Could extreme gardening help us to defeat malaria?

Researchers in Mali have discovered that removing the flowers of a common shrub kills off malaria-transmitting mosquitoes. Image: REUTERS/CDC/James Gathany

Charlotte Edmond, Formative Content

The mosquito, mankind’s blood-sucking nemesis, has a new enemy: gardening.

Researchers in Mali have discovered that removing the flowers of a common shrub kills off malaria-transmitting mosquitoes by starving them of a vital food source.

The invasive plant Prosopis julifora is native to Central and South America but was introduced to Africa in the 1970s as a way of tackling deforestation. Unfortunately it also provided a major new food source for adult mosquitoes.

So experts from Universities in Mali, Israel and the United States experimented by removing the flowers of the bush to see if it would cut local mosquito numbers.

They studied nine villages: six where the flowering shrub was in abundance and three where it didn’t grow at all.

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In three of the shrub-invaded villages they chopped off the flowers. By monitoring the number of mosquitoes caught in traps in the villages they found that ‘gardening’ had reduced their numbers by nearly 60% compared to the villages where the flowers were left alone.In fact, the number of mature female mosquitoes, the ones that spread malaria, dropped to levels similar to the villages without the shrubs.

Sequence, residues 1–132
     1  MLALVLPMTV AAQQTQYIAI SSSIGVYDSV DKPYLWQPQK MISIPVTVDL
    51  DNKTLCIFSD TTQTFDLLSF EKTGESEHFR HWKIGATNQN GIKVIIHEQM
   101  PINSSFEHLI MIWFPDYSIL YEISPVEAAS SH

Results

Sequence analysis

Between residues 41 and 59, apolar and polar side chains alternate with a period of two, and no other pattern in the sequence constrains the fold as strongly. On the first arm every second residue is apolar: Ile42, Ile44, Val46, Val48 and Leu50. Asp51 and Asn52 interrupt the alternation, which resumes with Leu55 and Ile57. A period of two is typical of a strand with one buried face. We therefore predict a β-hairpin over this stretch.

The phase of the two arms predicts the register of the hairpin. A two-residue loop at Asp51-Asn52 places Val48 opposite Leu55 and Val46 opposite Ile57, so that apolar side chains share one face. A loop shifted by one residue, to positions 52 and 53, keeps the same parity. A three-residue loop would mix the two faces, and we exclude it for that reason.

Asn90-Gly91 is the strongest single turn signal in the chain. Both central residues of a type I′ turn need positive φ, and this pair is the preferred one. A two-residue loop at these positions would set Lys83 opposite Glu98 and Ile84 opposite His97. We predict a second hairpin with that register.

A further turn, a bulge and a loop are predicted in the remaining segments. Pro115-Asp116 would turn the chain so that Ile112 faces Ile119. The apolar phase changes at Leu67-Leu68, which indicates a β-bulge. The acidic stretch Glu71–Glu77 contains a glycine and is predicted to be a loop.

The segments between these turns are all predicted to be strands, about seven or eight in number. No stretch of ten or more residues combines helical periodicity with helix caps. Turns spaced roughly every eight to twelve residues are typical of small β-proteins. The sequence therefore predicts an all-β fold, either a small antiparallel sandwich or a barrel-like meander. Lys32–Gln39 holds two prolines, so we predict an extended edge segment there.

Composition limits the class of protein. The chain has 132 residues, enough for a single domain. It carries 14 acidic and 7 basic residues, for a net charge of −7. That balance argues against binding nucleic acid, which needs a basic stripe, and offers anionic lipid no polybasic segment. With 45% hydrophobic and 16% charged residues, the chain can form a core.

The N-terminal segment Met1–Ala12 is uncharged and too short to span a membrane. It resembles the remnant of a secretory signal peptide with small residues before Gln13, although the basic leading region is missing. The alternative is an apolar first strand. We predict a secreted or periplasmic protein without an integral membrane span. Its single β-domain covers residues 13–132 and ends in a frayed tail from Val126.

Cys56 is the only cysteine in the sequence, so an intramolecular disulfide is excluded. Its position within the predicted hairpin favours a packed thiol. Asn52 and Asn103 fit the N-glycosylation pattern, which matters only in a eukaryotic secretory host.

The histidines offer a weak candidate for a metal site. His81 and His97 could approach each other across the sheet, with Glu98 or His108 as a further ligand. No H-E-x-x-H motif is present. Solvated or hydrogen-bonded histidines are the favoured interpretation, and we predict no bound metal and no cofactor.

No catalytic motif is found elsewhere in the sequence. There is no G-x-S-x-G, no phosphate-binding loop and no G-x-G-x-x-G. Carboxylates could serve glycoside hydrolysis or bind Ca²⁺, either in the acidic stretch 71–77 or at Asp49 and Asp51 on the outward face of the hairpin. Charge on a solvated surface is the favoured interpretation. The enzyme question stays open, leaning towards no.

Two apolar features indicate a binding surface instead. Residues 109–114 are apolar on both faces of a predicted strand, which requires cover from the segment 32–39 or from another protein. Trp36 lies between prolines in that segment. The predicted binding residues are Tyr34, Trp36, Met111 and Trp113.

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Mature mosquitoes spread malaria to humans by passing on parasites when they bite. Younger mosquitoes in turn become infected when they bite the same human and ingest their parasite-infested blood. It takes about 10 days for the young infected mosquito to become infectious to humans, which in insect lifespan makes them pretty old — effectively grandmas. And while these aged mosquitoes are partial to a bit of blood, they rely on flower nectar as their main energy source.The flowers of the Prosopis julifora shrub grow for much longer than those on native plants, meaning mosquitos have a food source for longer too. Take that away and many mosquitos die off. Although the researchers caution that ‘gardening’ might not be as effective in more lush parts of the world where plant nectar is readily available, Africa has a disproportionately high share of the world’s malaria deaths.

In 2015, the continent was home to 90% of the world’s malaria cases and 92% of malaria deaths.

Originally published at